2009.04.29 in thoughts

The last day of Sophomore year (for me) just ended; instead of thinking any more about that, I thought I'd write about a handful of material(ish) possessions of mine that came at small monetary cost (to me or my family), but have since proved to be worth it time and time again. Most things don't stand out in this regard; they integrate themselves into my life, but they aren't something that I actively remember and enjoy every second of. These three, however, are things which have a value far greater than their price for the entertainment and experiences I've derived from them:

Firstly, our Firefly box set. At the time, it was a somewhat off-the-cuff purchase. Dad, Amy, and I had seen an episode or two on TV, had heard about it on the internet, and were awaiting the movie, but had no emotional attachment to the show. Now, a few years later, I can't begin to count the number of times I've watched and rewatched these fourteen episodes, nor can I possibly estimate the enjoyment I've received both during and between these watchings. Mom commented long ago, while the three of us were quite quietly caught up in the world of Malcolm Reynolds and Co., that those four DVDs were possibly the best 40$ she'd ever spent. I can't say I disagree. (Indeed; all three of my main computers at the moment are named after Firefly characters!)

Next, the Orange Box. I know this is a strange one, because I'm not a gamer; in fact, I only just finished playing through Half-Life 2 and the two episodes for the first time within the last week or so. However, this collection is more or less my only connection to the gaming world that many of my friends and colleagues so adore; I was introduced to it about a year ago by Mike and Nate, who insisted I play Portal. I sat, for five or six hours, without moving from the chair once, and finished the game — my first introduction to gaming post-PacMan, WASD+Mouse, and probably my single most enjoyable computing experience until Half-Life 2. Now, the story of Gordon and Alyx echoes in my head quite constantly (possibly because I only finished episode two a few days ago, but I hope it stays this way), and provides me yet another world in which to construct thoughts (both in my head, and in my occasional screwing around with the Source SDK, which I hope to soon resume after a few-month hiatus). In any case, this is another 40$ very well placed.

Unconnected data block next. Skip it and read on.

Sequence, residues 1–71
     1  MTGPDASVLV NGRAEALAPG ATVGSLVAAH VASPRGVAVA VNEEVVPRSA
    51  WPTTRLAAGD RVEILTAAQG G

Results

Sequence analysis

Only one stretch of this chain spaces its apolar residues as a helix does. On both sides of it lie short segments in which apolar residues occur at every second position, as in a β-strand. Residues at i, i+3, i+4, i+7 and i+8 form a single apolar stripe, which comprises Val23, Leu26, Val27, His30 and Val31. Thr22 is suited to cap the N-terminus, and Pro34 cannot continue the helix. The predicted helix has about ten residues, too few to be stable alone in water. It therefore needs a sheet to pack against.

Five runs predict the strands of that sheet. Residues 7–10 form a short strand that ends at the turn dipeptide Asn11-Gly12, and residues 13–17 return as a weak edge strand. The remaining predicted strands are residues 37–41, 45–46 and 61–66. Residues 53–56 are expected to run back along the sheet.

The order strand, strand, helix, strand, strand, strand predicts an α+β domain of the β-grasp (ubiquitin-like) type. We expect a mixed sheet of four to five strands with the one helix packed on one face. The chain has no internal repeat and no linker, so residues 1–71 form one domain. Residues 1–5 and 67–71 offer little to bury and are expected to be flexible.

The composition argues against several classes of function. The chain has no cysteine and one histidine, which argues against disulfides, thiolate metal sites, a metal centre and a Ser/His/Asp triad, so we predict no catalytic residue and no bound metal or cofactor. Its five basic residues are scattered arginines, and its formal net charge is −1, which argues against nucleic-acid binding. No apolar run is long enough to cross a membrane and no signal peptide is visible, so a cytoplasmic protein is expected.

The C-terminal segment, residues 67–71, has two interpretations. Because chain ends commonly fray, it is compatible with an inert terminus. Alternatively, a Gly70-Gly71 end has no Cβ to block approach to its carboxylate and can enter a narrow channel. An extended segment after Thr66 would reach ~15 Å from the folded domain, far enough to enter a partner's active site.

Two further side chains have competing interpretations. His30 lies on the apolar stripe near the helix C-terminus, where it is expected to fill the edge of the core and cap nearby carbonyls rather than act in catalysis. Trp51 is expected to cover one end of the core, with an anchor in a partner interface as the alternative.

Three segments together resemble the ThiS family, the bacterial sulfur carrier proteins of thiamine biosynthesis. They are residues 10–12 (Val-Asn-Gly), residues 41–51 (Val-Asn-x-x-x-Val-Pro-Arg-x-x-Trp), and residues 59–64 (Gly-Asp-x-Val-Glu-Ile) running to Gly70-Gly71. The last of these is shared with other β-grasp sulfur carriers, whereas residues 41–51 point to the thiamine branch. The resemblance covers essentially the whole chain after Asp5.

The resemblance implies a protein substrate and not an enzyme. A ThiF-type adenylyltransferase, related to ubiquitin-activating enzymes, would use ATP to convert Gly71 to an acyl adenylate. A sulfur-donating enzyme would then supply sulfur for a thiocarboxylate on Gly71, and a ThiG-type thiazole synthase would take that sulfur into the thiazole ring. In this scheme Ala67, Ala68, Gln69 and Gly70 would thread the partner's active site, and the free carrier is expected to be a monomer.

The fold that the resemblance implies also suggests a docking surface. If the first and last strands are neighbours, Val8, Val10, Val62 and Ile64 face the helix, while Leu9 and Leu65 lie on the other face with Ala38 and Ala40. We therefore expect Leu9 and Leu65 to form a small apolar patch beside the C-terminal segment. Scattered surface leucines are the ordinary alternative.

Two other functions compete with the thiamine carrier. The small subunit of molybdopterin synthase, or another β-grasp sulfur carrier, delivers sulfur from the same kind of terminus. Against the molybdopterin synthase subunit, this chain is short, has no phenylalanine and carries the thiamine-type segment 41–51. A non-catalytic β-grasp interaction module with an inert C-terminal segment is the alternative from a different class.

Finally, my Arduino. I've progressed on to breadboard- or PCB-mounted ATmega designs at this point, but this is where I got started again. About a decade ago (what!?!), Dad and I spent great deals of time playing around with Parallax's Basic Stamp, making various small devices, teaching me how to program with the then-obvious choice of language, and providing a platform for a young me to experiment. Robb convinced me to pick up electronics again last semester so we could build guitar-related stuff; while this particular reason didn't come to fruition, I invested a significant amount of money getting together anything I would need to complete any sort of small electronic project. I chose to grab an Arduino Diecimila while I was at it, so I had a microcontroller to tie things together. Since then, I've spent loads of time learning the ins and outs of the platform, building small things (and designing larger things), and in general trying to get acquainted with the internet's favorite microcontroller. More importantly than my own work, though, I've helped a countless number of people here at RPI on various little Arduino-based projects, providing experience, parts, or programmers — most significantly, Connor, with his various IED projects (one of which is turning into a summer job!). All for 20$.